at Artizon Museum
in the Kyobashi, Nihonbashi area
Ends in 139 days
For enthusiasts of art in the early 20th century, “Steps Ahead: Recent Acquisitions” at Artizon Museum through May 9th proves to be a rewarding visit. Since its reconstruction in 2015, the museum has been expanding its collection of masterpieces, particularly from the early 20th century to the contemporary period. For the current exhibition, 92 new acquisitions have been added and are being displayed for the first time, totaling the number of works to 201, plus 87 works from the collection of portrait photographs of artists. Works from the collection are showcased in 14 sections, including “Orientalism and Modern Japanese and Western Painting,” “Cubism,” “Women of Abstract Expressionism,” “Gutai Paintings,” and “Japanese Abstract Paintings.”
Notable works have been added to the section on Cubism, the revolutionary art era that evolved from around 1907-08. Primarily spearheaded by Pablo Picasso and Georges Braque, the movement emphasized the two-dimensional flatness of the canvas in place of creating the illusion of depth. This section includes works by Paul Cézanne, (Mont Sainte-Victoire and Château Noir, c. 1904–06), Georges Braque (Pedestal Table, 1911) , and Pablo Picasso, (Bottle of Marc de Bourgogne, Wineglass, and Newspaper, 1913), a newly acquired Albert Gleizes (Woman with a Glove, c. 1922), and Jean Metzinger’s Still Life on the Pedestal Table (1916). Metzinger’s painting displays typical Cubism characteristics, showing early Cubism colors such as earth tones of red, orange, brown and green. Metzinger (1883-1956) was a French painter who was first influenced by Neo-Impressionism and Fauvism. Around 1908 he met the writer Max Jacob, who introduced him to Georges Braque and Pablo Picasso. He was immensely influenced by Picasso and participated in Cubism exhibitions and wrote several articles on Cubism.
In the “Women of Abstract Expressionism” section, Elaine de Kooning’s Untitled (Bullfight) (1959) is a highlight. The artist portrays a bullfight scene from a trip to Ciudad Juárez, Mexico. Many of De Kooning’s drawings, watercolors, and paintings were inspired by bullfights. These works present vibrant and dynamic expressions of light and energy in abstract fields of bright colors. Although Jackson Pollock and De Kooning’s husband, painter Willem De Kooning, were the more visible figures of the postwar Abstract Expression movement, women artists also made major contributions. Because they were under-recognized, there was a profound cry for expressive freedom by female artists, who also included Helen Frankenthaler and Joan Mitchell. Although De Kooning dedicated a large part of her life to promoting her husband’s career, she also became accomplished as a landscape and portrait artist as well as an art critic.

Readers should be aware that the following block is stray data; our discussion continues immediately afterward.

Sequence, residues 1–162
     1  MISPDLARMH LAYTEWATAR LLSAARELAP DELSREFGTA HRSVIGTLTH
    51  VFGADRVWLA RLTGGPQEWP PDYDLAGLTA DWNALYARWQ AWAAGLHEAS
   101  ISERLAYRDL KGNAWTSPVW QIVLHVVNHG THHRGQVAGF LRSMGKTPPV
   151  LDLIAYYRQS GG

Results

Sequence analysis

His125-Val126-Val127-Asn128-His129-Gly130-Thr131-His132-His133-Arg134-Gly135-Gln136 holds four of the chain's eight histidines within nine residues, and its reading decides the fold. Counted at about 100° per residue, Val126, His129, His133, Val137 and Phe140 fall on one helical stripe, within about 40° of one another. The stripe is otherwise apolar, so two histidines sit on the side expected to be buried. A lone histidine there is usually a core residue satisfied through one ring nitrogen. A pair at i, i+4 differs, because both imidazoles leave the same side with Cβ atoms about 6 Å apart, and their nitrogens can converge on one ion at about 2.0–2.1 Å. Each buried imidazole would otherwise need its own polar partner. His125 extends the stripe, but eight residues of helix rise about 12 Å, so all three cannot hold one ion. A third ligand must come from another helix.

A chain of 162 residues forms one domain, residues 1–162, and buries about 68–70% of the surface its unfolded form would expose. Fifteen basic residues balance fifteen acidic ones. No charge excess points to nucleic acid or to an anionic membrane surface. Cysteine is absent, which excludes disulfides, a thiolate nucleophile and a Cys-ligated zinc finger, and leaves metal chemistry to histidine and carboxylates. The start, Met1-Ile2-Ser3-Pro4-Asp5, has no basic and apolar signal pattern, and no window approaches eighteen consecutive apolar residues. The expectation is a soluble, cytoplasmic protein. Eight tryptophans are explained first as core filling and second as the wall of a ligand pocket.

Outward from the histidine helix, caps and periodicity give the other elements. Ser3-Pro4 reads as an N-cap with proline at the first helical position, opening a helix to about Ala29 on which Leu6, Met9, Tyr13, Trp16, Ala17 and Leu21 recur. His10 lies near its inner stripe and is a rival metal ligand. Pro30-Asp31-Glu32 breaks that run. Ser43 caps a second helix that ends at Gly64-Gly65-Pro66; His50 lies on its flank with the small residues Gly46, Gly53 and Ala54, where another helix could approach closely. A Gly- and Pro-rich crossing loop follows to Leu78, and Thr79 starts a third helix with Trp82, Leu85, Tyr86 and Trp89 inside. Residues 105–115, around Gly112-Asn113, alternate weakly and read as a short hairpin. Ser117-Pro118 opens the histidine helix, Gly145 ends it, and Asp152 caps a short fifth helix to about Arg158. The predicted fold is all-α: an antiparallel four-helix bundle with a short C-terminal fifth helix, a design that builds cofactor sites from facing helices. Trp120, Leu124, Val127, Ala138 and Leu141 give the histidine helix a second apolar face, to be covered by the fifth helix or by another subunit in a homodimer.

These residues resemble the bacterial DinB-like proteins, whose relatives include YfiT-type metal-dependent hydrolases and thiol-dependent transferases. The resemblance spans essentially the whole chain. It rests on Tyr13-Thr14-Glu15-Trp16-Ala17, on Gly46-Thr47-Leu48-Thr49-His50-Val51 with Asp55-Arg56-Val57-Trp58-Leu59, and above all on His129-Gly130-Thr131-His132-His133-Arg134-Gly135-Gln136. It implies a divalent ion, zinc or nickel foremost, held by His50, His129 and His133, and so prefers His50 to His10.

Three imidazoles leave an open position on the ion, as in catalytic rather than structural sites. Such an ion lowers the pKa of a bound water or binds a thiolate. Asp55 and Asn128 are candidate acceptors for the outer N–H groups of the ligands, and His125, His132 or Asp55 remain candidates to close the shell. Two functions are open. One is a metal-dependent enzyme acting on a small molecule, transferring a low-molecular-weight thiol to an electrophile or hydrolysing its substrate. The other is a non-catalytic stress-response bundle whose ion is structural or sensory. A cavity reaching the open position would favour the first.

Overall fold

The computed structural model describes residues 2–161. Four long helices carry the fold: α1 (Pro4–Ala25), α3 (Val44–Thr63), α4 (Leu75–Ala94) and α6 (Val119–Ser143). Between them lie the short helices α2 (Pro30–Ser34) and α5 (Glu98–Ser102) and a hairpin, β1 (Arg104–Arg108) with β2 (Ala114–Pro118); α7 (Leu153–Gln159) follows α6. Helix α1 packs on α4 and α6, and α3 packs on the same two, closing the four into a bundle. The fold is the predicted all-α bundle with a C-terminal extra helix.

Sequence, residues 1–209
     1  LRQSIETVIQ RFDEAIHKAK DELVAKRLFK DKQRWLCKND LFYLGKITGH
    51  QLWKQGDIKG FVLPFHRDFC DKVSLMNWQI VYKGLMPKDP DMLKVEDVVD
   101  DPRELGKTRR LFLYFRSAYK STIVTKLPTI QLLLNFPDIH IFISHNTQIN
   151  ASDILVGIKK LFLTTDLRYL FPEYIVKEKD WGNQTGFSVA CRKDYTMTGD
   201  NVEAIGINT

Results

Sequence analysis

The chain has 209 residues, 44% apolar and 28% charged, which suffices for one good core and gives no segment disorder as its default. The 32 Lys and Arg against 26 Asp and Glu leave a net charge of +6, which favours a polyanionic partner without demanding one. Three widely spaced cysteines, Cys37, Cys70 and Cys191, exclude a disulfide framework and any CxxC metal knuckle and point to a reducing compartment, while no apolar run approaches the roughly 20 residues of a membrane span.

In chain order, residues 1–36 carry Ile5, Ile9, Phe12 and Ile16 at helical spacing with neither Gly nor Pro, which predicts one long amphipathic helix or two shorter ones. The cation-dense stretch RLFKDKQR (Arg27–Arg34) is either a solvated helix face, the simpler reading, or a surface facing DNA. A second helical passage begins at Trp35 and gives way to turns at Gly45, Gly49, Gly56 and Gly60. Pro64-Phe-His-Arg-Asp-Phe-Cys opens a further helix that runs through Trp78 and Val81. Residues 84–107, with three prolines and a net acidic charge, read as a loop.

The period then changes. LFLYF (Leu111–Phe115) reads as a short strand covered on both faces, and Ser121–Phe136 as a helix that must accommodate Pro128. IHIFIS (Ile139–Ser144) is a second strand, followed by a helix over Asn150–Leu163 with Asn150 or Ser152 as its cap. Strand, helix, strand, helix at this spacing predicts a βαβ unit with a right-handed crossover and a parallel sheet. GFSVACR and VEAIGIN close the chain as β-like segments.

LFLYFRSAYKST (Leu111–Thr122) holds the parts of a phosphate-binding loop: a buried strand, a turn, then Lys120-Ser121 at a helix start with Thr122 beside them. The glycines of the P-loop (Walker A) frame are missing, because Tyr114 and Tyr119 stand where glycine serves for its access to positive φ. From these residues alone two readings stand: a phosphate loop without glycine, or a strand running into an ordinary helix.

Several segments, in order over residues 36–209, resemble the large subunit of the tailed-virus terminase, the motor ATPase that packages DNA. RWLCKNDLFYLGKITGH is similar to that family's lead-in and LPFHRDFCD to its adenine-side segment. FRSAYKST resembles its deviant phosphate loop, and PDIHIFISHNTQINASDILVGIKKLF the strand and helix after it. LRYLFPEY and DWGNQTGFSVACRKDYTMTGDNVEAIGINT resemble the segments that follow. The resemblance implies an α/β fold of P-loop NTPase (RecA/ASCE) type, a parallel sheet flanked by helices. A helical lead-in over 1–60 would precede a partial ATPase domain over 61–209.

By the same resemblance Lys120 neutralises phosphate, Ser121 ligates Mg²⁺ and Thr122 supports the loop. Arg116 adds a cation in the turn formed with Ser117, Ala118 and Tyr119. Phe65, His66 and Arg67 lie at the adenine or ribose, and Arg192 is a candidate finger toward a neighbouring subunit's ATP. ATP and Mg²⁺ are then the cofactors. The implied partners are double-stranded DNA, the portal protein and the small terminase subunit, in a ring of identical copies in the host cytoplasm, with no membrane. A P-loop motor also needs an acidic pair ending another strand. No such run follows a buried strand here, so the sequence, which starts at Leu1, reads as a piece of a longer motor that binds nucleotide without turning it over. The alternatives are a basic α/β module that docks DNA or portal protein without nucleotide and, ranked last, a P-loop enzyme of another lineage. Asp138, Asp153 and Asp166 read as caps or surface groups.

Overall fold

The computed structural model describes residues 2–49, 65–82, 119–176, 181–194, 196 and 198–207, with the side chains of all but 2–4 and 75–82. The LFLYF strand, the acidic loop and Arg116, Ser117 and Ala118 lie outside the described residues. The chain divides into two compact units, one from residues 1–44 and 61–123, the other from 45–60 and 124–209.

In addition to acclaimed international artists such as Renoir, Degas, Miró, Calder, and Giacometti, with separate sections devoted to Matisse, Kandinsky, Klee, and Duchamp, the exhibition also pays tribute to Japanese artists from the early modern era. Takeji Fujishima (1867–1943) was a Japanese painter who contributed to the development of Japanese Romanticism and Impressionism within the “yoga,” or “Western-style” art movement in the late 19th and early 20th centuries. He helped train the next generation of artists at the Tokyo School of Fine Arts and promoted new Western-style techniques and materials. In his oil painting Orientalism (1924), Fujishima expressed the “spirit of the East” in the 1920s by using images of women in Chinese dress to symbolize a modernized Japan. He elaborated the dress patterns and applied bright colors that exude an “Oriental” appearance. This style is also evident in his Reminiscence of the Tempyo Era (1902), which emphasized motifs based on eighth-century Buddhist statues, paintings, and Shosoin Imperial treasures. The pose of the woman in the painting is said to have been inspired by ancient Greek painting; it thus combines the influences of Eastern and Western antiquity.
The section “Gutai Paintings” recognizes Gutai as the first radical and artistic group in post-war Japan. Founded in 1954 by painter Jiro Yoshihara from Osaka, the group rejected traditional art styles and instead, explored new art forms in large-scale multimedia environments, performances, and theatrical events emphasizing the relationship between body and matter. Gutai stressed freedom of expression with innovative materials and techniques, and developed a new perspective on individuality and community. Sadamasa Motonaga (1922-2011) joined Gutai in 1955 and pursued a style that involved pouring paint onto a tilted canvas, producing contrasting primary colors and dynamic abstract images. This technique was applied to his work Untitled (1965), which shows three forms lined side by side against a pale painted background. The three heads resemble elements of morphology painted flat in multicolored shades of black, pink, and red.
Other Japanese artists featured in the exhibition include Seiki Kuroda, Shigeru Aoki, Hanjiro Sakamoto, Shunsuke Matsumoto, and Harue Koga. For followers of furniture design, a special section covers furniture by one of Japan’s most renowned designers of the 20th century, Shiro Kuramata (1934-1991). Kuramata was a pioneer in the use of industrial materials such as wire mesh, steel, acrylic, aluminum, and plexiglass. His unique pieces break free from conventional form and seem to float in an airy realm of transparency and lightness. He was also known as a surrealist and minimalist. On display are Kuramata’s How High the Moon (c. 1988), an elegant steel and copper-plated mesh chair with no interior frame or support and Expand Chair Set and Glass Table (1986) made of steel-expanded metal, glass, and copper-plated material.